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Brain tumors coax important support from nearby immune system cells

April 11, 2007 -- Developing brain tumors can coax assistance from nearby cells known as microglia, according to a new study from scientists at Washington University School of Medicine in St. Louis. The researchers have identified one protein made by microglia that helps accelerate tumor growth and are looking for others.

The results, published online this month in Human Molecular Genetics, come from a mouse model of neurofibromatosis 1 (NF1), a genetic condition that significantly increases childhood brain tumor risk. But senior author David Gutmann, M.D., Ph.D., the Donald O. Schnuck Family Professor of Neurology, says the findings also have implications for sporadic brain tumors, which affect many more people.

"Until now, we've never really had a good system for studying how microglia may contribute to general brain tumor formation," says Gutmann, who is director of the Neurofibromatosis Center and co-director of the neuro-oncology program at the Siteman Cancer Center at Washington University and Barnes-Jewish Hospital. "We're going to use this model to better understand how brain cells that become tumors interact with microglia, and to probe how we might block those interactions."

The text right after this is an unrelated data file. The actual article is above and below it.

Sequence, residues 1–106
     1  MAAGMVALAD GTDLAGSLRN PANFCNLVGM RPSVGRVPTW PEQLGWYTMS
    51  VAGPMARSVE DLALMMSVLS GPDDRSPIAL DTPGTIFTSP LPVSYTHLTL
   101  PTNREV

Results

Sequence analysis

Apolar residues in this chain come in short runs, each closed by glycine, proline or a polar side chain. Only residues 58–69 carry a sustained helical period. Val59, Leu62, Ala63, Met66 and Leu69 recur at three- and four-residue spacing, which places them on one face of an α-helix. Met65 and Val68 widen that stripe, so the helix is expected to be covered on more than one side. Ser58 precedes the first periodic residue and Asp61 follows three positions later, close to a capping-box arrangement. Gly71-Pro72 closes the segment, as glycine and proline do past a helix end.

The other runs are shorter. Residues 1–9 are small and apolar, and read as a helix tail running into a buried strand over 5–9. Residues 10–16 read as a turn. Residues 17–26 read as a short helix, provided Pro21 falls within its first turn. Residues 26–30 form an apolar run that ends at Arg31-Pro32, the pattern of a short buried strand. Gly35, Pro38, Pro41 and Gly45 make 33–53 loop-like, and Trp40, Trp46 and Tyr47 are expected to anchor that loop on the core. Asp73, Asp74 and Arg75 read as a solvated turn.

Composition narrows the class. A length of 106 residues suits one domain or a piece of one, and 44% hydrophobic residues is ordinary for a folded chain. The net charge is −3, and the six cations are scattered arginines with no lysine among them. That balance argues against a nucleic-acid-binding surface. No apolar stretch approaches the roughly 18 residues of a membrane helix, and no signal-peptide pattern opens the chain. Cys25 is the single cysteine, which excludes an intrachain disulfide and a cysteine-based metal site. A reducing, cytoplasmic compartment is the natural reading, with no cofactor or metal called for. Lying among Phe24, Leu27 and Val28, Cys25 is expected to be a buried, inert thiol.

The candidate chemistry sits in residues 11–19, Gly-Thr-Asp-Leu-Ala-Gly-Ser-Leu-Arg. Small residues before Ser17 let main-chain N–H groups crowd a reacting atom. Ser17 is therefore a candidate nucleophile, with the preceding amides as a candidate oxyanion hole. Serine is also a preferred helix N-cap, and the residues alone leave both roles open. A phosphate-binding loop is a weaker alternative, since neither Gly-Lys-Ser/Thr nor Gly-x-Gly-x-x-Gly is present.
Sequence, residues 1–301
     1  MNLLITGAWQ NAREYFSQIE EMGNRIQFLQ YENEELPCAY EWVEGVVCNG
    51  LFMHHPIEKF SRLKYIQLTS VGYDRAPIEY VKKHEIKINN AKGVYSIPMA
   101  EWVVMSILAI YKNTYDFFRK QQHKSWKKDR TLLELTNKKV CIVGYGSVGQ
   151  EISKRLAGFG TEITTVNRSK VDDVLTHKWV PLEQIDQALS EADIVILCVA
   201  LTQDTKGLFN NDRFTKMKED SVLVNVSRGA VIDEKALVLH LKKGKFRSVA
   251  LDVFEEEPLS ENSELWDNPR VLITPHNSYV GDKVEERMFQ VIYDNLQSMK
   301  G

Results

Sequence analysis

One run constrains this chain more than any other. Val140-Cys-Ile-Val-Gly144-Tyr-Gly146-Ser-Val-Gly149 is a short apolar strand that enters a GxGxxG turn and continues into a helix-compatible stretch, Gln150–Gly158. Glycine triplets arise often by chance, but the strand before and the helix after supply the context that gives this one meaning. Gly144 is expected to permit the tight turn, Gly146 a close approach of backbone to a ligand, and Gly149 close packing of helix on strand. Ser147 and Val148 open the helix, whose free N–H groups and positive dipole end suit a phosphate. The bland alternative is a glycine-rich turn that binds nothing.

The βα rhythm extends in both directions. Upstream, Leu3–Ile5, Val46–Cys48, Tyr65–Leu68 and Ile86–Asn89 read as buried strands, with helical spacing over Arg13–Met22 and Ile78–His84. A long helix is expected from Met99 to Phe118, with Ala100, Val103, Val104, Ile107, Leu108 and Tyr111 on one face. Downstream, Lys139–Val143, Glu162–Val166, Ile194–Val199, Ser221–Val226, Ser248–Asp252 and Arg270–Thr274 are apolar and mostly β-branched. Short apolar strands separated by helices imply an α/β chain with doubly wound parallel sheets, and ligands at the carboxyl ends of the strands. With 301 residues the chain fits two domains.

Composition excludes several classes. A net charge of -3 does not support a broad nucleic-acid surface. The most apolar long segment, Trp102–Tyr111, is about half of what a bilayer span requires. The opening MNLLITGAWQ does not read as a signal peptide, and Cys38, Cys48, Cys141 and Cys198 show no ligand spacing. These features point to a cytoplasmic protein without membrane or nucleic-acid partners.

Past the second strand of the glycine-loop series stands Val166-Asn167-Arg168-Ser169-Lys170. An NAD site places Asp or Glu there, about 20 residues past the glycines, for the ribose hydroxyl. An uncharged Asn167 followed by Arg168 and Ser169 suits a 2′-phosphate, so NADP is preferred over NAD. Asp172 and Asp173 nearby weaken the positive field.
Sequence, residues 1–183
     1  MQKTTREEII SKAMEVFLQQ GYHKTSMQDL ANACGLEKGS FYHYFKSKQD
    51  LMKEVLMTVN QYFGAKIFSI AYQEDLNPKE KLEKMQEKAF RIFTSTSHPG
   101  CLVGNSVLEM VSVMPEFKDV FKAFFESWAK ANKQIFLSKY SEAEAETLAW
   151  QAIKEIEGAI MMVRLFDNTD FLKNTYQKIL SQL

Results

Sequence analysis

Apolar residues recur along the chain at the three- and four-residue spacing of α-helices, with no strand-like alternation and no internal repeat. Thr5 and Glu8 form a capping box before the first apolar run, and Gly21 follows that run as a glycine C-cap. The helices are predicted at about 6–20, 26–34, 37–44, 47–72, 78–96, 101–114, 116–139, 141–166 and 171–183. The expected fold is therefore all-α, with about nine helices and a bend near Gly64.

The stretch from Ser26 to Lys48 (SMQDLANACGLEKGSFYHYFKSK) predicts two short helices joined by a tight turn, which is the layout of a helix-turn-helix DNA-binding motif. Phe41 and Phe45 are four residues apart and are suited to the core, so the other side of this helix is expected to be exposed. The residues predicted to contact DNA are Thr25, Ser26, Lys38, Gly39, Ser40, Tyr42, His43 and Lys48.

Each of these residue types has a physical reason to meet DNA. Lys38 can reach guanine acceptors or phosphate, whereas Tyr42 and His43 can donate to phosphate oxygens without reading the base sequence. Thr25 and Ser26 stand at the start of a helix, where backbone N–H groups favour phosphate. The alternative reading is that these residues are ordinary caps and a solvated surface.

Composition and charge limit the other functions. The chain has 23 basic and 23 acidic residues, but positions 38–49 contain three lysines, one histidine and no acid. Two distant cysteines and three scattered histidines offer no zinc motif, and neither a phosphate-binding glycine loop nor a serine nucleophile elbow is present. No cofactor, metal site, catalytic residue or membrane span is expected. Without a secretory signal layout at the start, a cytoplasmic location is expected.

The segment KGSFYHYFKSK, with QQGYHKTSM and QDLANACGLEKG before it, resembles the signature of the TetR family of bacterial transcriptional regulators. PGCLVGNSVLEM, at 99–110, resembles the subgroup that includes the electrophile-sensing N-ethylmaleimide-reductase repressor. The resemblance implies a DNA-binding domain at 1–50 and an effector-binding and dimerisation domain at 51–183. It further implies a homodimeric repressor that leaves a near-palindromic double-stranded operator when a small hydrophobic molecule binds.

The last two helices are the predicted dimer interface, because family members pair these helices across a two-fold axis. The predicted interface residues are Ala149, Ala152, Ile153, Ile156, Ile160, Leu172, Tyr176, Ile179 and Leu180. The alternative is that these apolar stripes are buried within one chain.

Gutmann hopes to create approaches for shutting down microglia, which exist both in a resting state and an activated state. Tumors likely need microglia to be activated before they can convince them to send out growth signals. The tumor then exploits these signals to enable its rapid growth. If scientists can block microglia activation, they place the tumor's potential partner in crime out of its reach.

"From a therapeutic standpoint, we're very focused in cancer therapy on poisoning the cancer cell," Gutmann says. "But why not also deprive the cancer cell of the growth signals it receives from the normal surrounding tissue? These cells may actually decide whether a tumor forms at all and whether it continues to grow."

To learn more about the neighborin
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Contact: Michael C. Purdy
purdym@wustl.edu
314-286-0122
Washington University School of Medicine
11-Apr-2007


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